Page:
Difference Between Power Washing & Pressure Washing

Power Washing Pressure Washing

Power washing and pressure washing often mistaken for the same thing, and although there are not many major differences, the slight differences they DO have can actually affect your cleaning performance. Yes they both use water, and yes they both use pressure but it is the minor variations that make them very separate services.

Whether you are cleaning a commercial or residential property, there are two main things you need to consider when deciding between power washing and pressure washing. These are the type of dirt or the stains you are hoping to get rid of, and the material or foundation you are washing.

The following explains the differences between the two services, allowing you to make a more informed decision about which one you should use for your next project.

What is Power Washing?

Power washing uses hot water to clean surfaces and remove contaminants and is ideal for heavy-duty cleaning. Along with the heat, it uses a high-pressure system. It is great for removing long-standing dirt, mud, mildew or mold as the heat assists in lifting these contaminants from the surface. It can also be used for removing chewing gum, along with oil and grease stains.

The main benefit of using hot water is that it can kill any bacteria, along with weeds or mold, so that it doesn’t grow back.

Power washing is effective for building exteriors, roofs, and facades. However, because the water is heated, you need to be careful when it comes to power washing particular surfaces. It’s best to stick with concrete and hard surfaces for power washing, rather than timber as the force of the hot water could cause long-lasting damage.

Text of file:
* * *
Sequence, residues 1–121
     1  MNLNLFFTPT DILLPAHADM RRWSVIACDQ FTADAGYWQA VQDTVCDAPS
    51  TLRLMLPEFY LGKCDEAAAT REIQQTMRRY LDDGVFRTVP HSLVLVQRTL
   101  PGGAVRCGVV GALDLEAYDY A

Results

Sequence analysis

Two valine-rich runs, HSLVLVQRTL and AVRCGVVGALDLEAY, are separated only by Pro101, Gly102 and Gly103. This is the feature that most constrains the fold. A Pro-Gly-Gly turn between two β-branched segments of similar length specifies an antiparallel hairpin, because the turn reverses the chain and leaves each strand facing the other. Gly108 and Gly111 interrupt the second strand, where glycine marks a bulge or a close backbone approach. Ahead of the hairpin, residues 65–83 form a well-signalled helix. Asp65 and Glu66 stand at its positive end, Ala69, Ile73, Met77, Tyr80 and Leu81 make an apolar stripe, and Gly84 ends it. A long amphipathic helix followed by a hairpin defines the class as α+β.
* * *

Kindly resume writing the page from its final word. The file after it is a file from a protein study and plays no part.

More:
If you’re cleaning a large commercial space, or you have a large driveway or patio, power washing could be the best option for you. It will work faster and help to keep hard surfaces cleaner for longer.

What is Pressure Washing?

One of the major differences between power washing and pressure washing is that pressure washing is done with normal temperature water or tap water. The power of the wash itself is therefore based more on the force of the water rather than heat. Pressure washing uses the same amount of high-pressure, but because the water is cold it doesn’t work as well in eliminating things like mold or removing greasy stains from driveways and walkways.

If you’re cleaning around the house, pressure washing is your best bet. It can be used on anything, from timber to brick, masonry, and cinder, to concrete – although you still need to be wary of damaging stained timber and paintwork.

The method of washing you choose depends on the job at hand. If you’re unsure (or even just short on time), it is best you talk to a professional to get the right advice, and of course – better yet, to have a professional complete the job for you. If you want to know more about either of the above-mentioned services, get in touch with our experienced team today.